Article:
Faced with low levels of citizen interest in community affairs, the Municipality of Reggio Emilio decided to experiment with participatory budgeting in District 8. Exactly 256 citizens took part in the process, which took place between September 2007 and February 2008. 17 of the 123 proposals made in meetings with citizens were included in the 2008 budget. These were related to the community's quality of life. Participants felt satisfied with the process, and there is hope that future initiatives will be even more successful.
Before making the education policy adjustments which had become essential due to low pupil turnout, the Department of Education in Northern Ireland sought to pay attention to the views of the parents. The goal was to create the required new rules within an atmosphere of cooperation. To attain this cooperation, a deliberative poll was held in Omagh, Northern Ireland in January 2007. 565 randomly selected parents were polled and then invited to Omagh College for a day of deliberation. 127 participants were given briefing materials on education policy.
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This case study features a series of workshops, assemblies, and information sessions to promote civic engagement in the renewal of a municipal square in Italy. After the participant selection process, which paid special attention to children, three phases of participation took place. The project ultimately fostered community discussion and understanding before the renovation of the square.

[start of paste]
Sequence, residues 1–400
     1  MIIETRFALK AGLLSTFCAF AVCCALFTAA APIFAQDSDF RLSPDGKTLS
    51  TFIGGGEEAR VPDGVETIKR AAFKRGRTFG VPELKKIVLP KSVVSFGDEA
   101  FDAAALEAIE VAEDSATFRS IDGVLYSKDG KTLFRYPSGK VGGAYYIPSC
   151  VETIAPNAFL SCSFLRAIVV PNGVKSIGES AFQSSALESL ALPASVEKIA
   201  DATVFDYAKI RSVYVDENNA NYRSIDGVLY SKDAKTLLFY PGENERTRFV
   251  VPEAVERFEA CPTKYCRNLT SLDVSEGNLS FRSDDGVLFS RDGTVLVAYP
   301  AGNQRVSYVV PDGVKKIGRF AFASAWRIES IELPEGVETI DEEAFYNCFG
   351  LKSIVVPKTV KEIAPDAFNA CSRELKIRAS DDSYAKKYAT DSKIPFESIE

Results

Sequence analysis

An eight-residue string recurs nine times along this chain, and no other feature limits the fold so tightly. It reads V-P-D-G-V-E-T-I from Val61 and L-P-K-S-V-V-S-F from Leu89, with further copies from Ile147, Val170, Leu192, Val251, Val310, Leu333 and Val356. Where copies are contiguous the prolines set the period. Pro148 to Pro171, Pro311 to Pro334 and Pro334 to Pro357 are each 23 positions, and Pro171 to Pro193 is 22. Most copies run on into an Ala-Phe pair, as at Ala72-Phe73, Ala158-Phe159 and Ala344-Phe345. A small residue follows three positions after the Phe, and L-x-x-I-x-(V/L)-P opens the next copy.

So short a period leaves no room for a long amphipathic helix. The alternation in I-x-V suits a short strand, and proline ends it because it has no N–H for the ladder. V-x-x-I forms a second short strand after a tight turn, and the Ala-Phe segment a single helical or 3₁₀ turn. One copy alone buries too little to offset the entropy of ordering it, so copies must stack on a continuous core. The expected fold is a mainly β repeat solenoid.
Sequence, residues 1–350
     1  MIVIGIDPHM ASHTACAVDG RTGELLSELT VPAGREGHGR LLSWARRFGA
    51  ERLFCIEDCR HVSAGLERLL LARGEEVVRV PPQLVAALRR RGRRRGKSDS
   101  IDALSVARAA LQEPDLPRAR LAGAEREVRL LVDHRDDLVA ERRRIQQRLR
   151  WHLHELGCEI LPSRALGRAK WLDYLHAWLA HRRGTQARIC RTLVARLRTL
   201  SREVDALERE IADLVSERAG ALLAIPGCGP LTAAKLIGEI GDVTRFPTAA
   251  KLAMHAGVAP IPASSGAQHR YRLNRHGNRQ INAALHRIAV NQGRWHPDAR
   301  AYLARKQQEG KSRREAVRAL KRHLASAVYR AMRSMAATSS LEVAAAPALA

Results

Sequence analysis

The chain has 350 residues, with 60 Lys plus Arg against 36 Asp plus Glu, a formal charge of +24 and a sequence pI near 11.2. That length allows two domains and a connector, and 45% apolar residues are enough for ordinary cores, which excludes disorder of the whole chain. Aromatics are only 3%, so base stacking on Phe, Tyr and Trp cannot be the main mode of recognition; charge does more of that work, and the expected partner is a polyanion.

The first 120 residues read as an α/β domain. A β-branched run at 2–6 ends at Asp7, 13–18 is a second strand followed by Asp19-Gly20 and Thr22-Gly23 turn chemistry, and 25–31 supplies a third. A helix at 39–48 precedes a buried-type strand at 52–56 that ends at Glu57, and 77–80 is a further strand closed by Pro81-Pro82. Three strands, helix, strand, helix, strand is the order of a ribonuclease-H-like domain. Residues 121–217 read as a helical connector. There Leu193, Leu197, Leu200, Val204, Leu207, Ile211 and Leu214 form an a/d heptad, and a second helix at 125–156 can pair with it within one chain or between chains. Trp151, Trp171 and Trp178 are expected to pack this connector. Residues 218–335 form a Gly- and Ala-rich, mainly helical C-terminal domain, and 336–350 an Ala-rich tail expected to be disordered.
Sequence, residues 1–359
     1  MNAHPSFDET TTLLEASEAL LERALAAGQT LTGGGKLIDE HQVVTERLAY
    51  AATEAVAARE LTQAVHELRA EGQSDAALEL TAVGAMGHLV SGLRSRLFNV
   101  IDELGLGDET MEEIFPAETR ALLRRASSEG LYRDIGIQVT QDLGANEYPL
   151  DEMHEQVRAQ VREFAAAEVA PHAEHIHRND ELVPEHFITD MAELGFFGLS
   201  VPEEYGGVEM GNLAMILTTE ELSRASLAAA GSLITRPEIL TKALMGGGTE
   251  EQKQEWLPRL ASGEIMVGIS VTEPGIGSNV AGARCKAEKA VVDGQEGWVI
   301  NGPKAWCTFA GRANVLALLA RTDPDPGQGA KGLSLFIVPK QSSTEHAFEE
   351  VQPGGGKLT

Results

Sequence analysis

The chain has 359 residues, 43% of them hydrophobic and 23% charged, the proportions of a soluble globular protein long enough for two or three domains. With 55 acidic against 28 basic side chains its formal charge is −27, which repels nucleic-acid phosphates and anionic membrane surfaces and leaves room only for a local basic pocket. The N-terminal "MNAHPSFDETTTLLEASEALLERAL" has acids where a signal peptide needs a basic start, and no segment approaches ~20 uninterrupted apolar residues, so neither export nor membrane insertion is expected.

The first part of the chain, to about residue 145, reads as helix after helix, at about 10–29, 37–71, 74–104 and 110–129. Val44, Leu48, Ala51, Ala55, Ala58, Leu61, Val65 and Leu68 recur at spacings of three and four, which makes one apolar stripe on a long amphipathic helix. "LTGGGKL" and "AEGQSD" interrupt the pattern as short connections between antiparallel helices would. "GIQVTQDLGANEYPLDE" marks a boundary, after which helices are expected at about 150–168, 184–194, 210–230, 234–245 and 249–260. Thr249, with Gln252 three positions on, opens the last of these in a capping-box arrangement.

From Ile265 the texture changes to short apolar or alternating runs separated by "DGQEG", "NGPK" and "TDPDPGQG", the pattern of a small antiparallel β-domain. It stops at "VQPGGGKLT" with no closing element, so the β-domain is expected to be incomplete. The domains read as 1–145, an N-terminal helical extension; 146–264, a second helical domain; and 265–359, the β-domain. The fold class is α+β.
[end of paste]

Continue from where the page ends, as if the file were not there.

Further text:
In 2002, the National Thermal Power Corporation (NTPC) saw the completion of the construction of the Simhadri Thermal Power Project (STPP), a coal-fired power plant, in the Vizag District of India. The construction of the STPP, while having promised potential benefits and opportunities for local residents, had instead served to compromise their existing economic wellbeing. This case presents the latter’s response to their predicament through a public hearing with the participation of relevant actors, including civil society actors.
The Alternative University Project (AltU) grew out of the frustration felt by a group of McGill and Concordia University students about the growing inaccessibility of the Quebec higher education system. The AltU is a collection of classes taught by professors, students, community members, or through innovative communal formats on subjects which range from “Knitting” and “Programming” to “Introduction to Anarchism” and “New Materials Writing Workshop and Discussion.”